Things to be Learned About Bitcoin From Living On It For A Week
It is possible to live on Bitcoin in San Francisco for a week. It cost me about 4.85 Bitcoins. I sometimes had to live on the fringes to get by. It is only recently possible to live on Bitcoin for a week. Three of the four merchants I relied on for my most basic need — food — only started accepting Bitcoin in the last month. It would have been much easier to do my experiment in Berlin. I could have just hung out all week in Kreuzberg, a neighborhood with the highest concentration of merchants accepting Bitcoin, including, importantly, a bar.
It’s disconcerting to live on Bitcoin with the currency volatility. The buying power of my little 5 Bitcoin bank has fluctuated wildly since I created it, from a BTC valuation high of $140 USD to a low of $90 USD. I bought 28 mini-cupcakes at the low point for .5896 BTC. They were $56 at the time (which is already crazy). Reevaluating at BTC's high point, I spent $86 on cupcakes. My expense report is going to be a nightmare. Bitcoin will not be able to stabilize as a currency until there are more places that list their prices in Bitcoin.
It’s hard to convince someone who has never heard of Bitcoin before to accept it as payment. You can simply choose to walk away from the person who won’t accept Bitcoin payment, but that is hard to do when the person is your landlord. Bitcoin is hard to explain to people. It is perhaps like what it was like explaining “Internet” in its infancy. The easiest way is to call it "the local currency of the Internet," "the Internet applied to money," or "stateless virtual money." Or given the mysteriousness of its unknown and now absent creator ("Satoshi Nakamoto") and the fact that thousands of people have turned their computers into autonomous mining drones working for mining pool operators that have spent and will spend years slaving away on Nakamoto's code to create new Bitcoins, this may actually be the Singularity's mint.
There will only be about 21 million Bitcoins made. That number will be reached in 2140. As of this writing, over 11 million Bitcoins are in circulation. Bitcoin is like digitally paying in cash, in that you can move money online from one person to another person without using an intermediary like a bank, a credit agency, a Paypal, or Western Union, and you can do so without attaching your identity to the payment. It’s like having your own email server and creating a different address for every message you send out. And it means no one can shut that wallet down — as happened to Wikileaks when payment providers refused to process payments sent to it.
But it is not like cash in that the movement of the money is traceable. The security of Bitcoin comes from the fact that the whole network sees that a particular transaction happened, and that money moved from one place to another place. It’s as if every time you paid in cash in the real world, the serial numbers were scanned so that you could trace the money as it moved around, making it near impossible to introduce fake new money.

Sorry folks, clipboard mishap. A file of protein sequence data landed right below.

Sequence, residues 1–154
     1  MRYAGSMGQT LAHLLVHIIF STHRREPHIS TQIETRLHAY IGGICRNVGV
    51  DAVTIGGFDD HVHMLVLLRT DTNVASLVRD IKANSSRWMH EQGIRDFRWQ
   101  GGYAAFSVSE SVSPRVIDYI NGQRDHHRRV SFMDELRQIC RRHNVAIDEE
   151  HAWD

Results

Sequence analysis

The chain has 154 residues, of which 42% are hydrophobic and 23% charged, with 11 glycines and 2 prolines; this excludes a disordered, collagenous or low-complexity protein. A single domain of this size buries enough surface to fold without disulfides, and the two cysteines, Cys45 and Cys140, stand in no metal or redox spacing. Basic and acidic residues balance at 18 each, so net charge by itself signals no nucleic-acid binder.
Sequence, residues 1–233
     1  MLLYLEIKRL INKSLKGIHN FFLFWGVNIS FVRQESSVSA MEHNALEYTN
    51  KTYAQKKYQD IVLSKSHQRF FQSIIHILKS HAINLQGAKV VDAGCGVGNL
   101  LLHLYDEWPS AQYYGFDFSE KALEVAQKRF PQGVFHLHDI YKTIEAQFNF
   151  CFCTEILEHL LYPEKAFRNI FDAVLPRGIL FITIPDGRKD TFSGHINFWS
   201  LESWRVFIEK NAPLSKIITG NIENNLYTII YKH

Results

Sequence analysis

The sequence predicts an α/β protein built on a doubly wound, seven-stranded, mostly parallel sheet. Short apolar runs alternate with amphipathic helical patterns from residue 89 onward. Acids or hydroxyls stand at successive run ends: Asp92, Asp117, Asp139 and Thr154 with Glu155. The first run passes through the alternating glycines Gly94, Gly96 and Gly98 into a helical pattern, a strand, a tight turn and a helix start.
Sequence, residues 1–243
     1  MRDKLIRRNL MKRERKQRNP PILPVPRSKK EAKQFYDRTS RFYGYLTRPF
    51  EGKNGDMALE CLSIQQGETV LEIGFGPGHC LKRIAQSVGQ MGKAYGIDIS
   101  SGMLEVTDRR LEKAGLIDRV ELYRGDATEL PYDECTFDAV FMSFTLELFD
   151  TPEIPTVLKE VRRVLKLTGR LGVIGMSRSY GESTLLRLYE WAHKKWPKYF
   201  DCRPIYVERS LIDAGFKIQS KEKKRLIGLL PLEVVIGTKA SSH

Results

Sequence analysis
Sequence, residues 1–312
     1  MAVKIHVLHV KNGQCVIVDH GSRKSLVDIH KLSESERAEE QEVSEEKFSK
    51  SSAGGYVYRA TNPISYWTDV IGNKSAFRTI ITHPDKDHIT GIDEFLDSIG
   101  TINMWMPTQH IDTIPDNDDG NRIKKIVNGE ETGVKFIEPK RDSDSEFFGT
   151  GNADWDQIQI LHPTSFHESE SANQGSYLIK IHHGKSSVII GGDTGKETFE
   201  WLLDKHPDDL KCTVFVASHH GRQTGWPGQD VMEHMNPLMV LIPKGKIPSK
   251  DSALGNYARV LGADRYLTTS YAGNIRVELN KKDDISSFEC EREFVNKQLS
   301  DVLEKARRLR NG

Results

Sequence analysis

So it’s less anonymous than you might think, but it would have worked very well for Junie Hoang, the actress who sued IMDb for posting her real age on the site. Hoang had scrupulously kept a pseudonym while working in Hollywood but when she paid for an IMDb Pro account, she had to use a credit card which revealed her real name. IMDb used her real name to find (and post) her birthdate. That wouldn’t have happened if she could have paid in Bitcoin. Other potential Bitcoin uses might include online purchases we don’t want to be associated with our identities. There’s been much attention paid to Bitcoin being the currency of choice for drug purchases on Silk Road, but it could also be useful for paying for the online purchase of porn or sex toys; embarrassing or illness-revealing medications; pregnancy tests (say if you don’t want the store you’re buying from to know you’re potentially expecting), or a donation to an organization where you wish to remain anonymous. As my colleague Andy Greenberg notes, Bitcoin accounts for 99% of the assets of non-profit Defense Distributed, maker of the 3D-printed gun.
In-person Bitcoin purchases rely heavily on QR codes. I’ve never seen so many people actually using QR codes. Living on Bitcoin is a great way to lose weight. As it is not widely accepted, you are prevented from spontaneous snacking. And because most transportation providers do not currently accept it, you must walk or bike a lot. I lost 5 pounds in a week. There are people who are very excited about the idea behind Bitcoin. They are the Bitcoin Believers. You can call them techno-libertarians or digital gold bugs. They like the idea of a monetary system not controlled by a government that doesn't have a Fed that can choose to print money when it wants to. They are generous. I received over 10 BTC in tips from enthusiastic readers.